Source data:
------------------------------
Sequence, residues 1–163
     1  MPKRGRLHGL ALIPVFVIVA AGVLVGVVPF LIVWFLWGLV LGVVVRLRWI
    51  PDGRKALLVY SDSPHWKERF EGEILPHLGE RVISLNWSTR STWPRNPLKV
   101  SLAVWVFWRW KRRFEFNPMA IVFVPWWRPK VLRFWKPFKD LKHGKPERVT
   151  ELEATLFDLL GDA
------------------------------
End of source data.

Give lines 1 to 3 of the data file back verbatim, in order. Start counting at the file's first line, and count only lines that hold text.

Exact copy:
Sequence, residues 1–163
     1  MPKRGRLHGL ALIPVFVIVA AGVLVGVVPF LIVWFLWGLV LGVVVRLRWI
    51  PDGRKALLVY SDSPHWKERF EGEILPHLGE RVISLNWSTR STWPRNPLKV